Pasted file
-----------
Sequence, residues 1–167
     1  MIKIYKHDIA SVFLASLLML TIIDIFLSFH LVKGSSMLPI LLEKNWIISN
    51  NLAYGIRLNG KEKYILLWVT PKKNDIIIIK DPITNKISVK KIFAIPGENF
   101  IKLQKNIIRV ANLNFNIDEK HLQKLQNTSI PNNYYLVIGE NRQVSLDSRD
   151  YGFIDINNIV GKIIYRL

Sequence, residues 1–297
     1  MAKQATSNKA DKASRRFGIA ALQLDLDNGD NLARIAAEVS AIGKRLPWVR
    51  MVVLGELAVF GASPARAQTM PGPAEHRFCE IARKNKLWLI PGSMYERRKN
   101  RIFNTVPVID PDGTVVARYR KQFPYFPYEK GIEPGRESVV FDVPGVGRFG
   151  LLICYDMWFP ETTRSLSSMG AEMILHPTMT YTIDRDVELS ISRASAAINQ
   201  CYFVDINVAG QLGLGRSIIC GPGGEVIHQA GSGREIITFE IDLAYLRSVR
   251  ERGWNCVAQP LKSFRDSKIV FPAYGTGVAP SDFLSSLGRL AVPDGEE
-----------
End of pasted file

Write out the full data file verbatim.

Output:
Sequence, residues 1–167
     1  MIKIYKHDIA SVFLASLLML TIIDIFLSFH LVKGSSMLPI LLEKNWIISN
    51  NLAYGIRLNG KEKYILLWVT PKKNDIIIIK DPITNKISVK KIFAIPGENF
   101  IKLQKNIIRV ANLNFNIDEK HLQKLQNTSI PNNYYLVIGE NRQVSLDSRD
   151  YGFIDINNIV GKIIYRL

Sequence, residues 1–297
     1  MAKQATSNKA DKASRRFGIA ALQLDLDNGD NLARIAAEVS AIGKRLPWVR
    51  MVVLGELAVF GASPARAQTM PGPAEHRFCE IARKNKLWLI PGSMYERRKN
   101  RIFNTVPVID PDGTVVARYR KQFPYFPYEK GIEPGRESVV FDVPGVGRFG
   151  LLICYDMWFP ETTRSLSSMG AEMILHPTMT YTIDRDVELS ISRASAAINQ
   201  CYFVDINVAG QLGLGRSIIC GPGGEVIHQA GSGREIITFE IDLAYLRSVR
   251  ERGWNCVAQP LKSFRDSKIV FPAYGTGVAP SDFLSSLGRL AVPDGEE